Following conservation initiatives, the giant panda no longer appears on China’s list of endangered species, and other animals like the Siberian tiger and the Asian elephant have also beneficiated from those efforts.
“Thanks to decades of collaboration between the Chinese government, local communities, companies and NGOs, the giant panda’s future is more secure,” says Colby Loucks, World Wildlife Fund‘s Vice President for Wildlife Conservation. “China’s successful conservation of giant pandas shows what can be achieved when political will and science join forces.”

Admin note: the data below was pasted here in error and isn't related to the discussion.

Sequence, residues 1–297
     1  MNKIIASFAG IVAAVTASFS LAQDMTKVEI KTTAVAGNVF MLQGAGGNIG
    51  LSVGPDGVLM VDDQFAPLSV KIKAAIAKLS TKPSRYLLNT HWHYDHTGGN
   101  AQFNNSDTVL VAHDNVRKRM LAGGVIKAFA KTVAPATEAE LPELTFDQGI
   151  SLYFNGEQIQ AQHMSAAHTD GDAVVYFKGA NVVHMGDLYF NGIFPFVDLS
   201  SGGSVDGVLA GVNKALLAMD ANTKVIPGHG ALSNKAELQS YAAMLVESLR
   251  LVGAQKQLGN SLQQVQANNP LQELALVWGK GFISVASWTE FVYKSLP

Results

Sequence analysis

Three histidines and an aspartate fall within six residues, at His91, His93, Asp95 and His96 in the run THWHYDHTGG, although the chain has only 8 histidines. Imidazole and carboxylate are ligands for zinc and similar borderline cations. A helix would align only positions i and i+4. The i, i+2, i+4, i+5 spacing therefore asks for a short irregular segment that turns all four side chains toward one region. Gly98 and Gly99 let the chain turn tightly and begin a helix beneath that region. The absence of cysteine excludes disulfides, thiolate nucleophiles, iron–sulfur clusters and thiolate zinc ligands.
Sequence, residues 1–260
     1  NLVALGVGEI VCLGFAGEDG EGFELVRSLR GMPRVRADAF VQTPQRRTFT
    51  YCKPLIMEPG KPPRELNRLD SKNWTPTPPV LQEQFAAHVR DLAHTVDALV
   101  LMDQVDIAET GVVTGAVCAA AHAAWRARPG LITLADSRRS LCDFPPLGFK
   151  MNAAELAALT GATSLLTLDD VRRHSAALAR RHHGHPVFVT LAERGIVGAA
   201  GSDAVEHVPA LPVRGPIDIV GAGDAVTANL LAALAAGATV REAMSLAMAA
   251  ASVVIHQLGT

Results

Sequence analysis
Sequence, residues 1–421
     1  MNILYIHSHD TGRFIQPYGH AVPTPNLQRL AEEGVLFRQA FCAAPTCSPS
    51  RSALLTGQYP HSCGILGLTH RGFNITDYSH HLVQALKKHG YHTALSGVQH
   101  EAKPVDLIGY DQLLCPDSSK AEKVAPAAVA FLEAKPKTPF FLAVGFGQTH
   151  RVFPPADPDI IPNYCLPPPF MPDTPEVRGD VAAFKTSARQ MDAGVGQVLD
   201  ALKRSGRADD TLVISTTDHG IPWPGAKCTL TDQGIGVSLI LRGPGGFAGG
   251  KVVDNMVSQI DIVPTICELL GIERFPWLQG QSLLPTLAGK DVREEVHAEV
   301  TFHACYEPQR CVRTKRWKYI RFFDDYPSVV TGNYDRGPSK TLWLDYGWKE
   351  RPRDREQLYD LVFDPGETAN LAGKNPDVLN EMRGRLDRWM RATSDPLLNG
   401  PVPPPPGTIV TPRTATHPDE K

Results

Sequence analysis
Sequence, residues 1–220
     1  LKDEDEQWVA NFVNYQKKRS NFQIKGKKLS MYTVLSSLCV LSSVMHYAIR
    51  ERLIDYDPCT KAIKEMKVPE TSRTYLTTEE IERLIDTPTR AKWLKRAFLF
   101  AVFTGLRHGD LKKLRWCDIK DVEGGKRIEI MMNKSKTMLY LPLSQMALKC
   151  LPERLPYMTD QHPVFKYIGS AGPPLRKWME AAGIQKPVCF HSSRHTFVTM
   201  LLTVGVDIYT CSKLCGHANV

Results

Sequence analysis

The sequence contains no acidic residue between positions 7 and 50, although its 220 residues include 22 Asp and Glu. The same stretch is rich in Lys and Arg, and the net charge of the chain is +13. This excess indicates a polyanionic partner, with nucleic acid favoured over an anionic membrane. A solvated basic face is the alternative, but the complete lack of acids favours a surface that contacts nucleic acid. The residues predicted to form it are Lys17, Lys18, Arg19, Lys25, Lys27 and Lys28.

The giant panda’s status has been updated to “vulnerable”, and there are 1,800 individuals living in the wild, partly thanks to the efforts authorities devoted to maintaining nature reserves. The conservation work needs to remain stable to not lose the achievements made. In 2000, there were 1,100 giant pandas living in the wild, and 422 in captivity.